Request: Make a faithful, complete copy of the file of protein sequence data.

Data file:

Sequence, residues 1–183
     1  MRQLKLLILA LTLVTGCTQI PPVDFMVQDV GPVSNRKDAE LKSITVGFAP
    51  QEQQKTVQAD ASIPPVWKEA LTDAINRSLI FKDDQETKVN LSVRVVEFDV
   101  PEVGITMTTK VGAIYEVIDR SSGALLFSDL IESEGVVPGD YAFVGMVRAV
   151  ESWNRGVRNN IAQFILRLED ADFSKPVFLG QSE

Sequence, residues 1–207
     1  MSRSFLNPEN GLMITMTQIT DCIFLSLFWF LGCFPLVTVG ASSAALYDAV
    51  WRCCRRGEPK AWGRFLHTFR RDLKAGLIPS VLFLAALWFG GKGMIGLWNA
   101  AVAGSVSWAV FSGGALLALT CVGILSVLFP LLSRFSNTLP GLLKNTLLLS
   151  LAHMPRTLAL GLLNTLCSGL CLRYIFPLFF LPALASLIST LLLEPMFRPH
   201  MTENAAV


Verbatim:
Sequence, residues 1–183
     1  MRQLKLLILA LTLVTGCTQI PPVDFMVQDV GPVSNRKDAE LKSITVGFAP
    51  QEQQKTVQAD ASIPPVWKEA LTDAINRSLI FKDDQETKVN LSVRVVEFDV
   101  PEVGITMTTK VGAIYEVIDR SSGALLFSDL IESEGVVPGD YAFVGMVRAV
   151  ESWNRGVRNN IAQFILRLED ADFSKPVFLG QSE

Sequence, residues 1–207
     1  MSRSFLNPEN GLMITMTQIT DCIFLSLFWF LGCFPLVTVG ASSAALYDAV
    51  WRCCRRGEPK AWGRFLHTFR RDLKAGLIPS VLFLAALWFG GKGMIGLWNA
   101  AVAGSVSWAV FSGGALLALT CVGILSVLFP LLSRFSNTLP GLLKNTLLLS
   151  LAHMPRTLAL GLLNTLCSGL CLRYIFPLFF LPALASLIST LLLEPMFRPH
   201  MTENAAV